On June 25, The Chalke Valley History Festival played host to a BBC seminar on the thefts from the British Museum. BBC Culture Editor Katies Razzall and her team of investigators shared a platform with whistleblower Dr Ittai Gradel in front of a packed audience as they told the tale of how the thefts came to light and Dr Gradel’s pivotal role in exposing them.

The audience listened spellbound as, accompanied by slides and excerpts from the current BBC documentary series on the issue, the panel unfolded the course of events over a 15-year period.

Dr Gradel started by explaining his background and interest, and the nature of the gems involved, detailing their historical importance and variety, before setting out how his suspicions first arose about the eBay seller from whom he had been acquiring items since 2015.

The turning point came when he spotted direct evidence in the form of flaws in one gem that matched those in the records of the British Museum collection. The thief had largely sold off items that had gone unrecorded but slipped up after years of getting away with it, he added.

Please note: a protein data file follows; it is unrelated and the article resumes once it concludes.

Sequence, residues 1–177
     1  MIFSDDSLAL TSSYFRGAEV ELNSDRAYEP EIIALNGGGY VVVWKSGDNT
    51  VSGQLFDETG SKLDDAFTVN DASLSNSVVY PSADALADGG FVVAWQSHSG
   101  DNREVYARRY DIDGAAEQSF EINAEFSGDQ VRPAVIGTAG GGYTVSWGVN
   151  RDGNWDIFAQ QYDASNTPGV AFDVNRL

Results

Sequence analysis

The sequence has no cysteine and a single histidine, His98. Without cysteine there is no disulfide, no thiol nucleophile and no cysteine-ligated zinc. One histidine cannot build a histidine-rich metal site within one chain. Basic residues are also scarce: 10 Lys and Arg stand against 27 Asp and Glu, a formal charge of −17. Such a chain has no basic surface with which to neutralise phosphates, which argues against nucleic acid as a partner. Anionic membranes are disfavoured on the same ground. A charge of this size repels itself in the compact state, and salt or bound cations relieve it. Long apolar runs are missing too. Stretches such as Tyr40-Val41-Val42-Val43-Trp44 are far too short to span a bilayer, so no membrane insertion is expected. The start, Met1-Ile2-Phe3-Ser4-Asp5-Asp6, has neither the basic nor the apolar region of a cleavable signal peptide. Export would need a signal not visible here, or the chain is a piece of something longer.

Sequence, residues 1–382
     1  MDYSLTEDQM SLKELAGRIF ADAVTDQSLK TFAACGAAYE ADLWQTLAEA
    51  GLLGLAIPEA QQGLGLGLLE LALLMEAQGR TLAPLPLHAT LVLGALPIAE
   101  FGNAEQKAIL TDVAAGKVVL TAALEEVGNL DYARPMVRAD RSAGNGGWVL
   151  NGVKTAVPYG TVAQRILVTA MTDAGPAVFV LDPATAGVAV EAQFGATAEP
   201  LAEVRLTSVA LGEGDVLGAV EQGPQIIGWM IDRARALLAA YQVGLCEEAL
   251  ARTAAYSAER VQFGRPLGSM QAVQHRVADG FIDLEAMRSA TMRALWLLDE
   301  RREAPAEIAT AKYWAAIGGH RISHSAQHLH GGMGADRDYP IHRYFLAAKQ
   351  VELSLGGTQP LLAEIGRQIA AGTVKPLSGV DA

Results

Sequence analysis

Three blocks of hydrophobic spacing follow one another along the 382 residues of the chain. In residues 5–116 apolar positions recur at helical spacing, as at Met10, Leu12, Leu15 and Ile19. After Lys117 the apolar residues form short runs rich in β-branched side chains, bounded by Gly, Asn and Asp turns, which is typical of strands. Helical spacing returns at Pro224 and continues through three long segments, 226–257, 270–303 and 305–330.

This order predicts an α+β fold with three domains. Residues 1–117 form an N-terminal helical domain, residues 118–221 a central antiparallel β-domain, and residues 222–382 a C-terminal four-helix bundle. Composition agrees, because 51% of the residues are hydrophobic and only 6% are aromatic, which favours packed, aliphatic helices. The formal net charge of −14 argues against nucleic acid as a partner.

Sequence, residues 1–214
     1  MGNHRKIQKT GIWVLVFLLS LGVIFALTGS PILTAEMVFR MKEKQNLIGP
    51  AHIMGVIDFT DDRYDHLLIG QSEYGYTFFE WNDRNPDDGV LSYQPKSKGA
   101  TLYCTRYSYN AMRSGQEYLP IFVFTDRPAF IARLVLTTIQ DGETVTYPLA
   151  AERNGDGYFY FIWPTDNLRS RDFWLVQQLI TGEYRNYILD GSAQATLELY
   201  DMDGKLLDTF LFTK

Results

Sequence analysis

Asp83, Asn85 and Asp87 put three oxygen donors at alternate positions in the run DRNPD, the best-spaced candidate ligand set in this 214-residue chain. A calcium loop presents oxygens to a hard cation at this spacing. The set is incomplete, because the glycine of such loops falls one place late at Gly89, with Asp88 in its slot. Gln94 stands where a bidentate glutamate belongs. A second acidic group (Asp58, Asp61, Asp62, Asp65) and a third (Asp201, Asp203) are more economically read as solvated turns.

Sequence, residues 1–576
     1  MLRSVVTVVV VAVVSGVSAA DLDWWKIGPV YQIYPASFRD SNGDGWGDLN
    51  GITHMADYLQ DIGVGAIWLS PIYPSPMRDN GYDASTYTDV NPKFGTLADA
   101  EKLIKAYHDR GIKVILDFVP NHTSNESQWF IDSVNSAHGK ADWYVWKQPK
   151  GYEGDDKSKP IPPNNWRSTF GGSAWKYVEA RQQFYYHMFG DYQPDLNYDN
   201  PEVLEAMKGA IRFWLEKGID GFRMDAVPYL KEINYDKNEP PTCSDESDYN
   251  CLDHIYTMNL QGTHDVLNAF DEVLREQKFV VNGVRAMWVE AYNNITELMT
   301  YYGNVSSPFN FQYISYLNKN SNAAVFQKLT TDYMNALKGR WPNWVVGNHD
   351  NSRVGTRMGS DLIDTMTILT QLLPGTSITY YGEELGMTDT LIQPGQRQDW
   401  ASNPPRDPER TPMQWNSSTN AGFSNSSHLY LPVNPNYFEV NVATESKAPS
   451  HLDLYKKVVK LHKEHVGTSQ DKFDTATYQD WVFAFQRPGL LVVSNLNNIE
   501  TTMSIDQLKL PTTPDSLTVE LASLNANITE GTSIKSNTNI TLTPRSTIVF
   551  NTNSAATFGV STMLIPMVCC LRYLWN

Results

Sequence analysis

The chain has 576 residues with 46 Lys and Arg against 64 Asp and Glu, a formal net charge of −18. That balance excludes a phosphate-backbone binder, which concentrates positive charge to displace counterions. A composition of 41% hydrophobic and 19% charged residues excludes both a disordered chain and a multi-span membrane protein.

The BBC team of investigators told how they had tracked buyers down to the United States and Germany, where one journalist, Darin Graham, found what was arguably the most important missing gem in a public exhibition.

The audience treated Dr Gradel as a hero, especially after learning about the difficulties he had faced trying to get the British Museum management to take his alerts seriously. They were equally clear about how important they considered the museum to be as a British institution.

The BBC has now released a podcast series, Shadow World, currently a series of ten episodes covering the scandal and how it unfolded. It is freely available to listeners.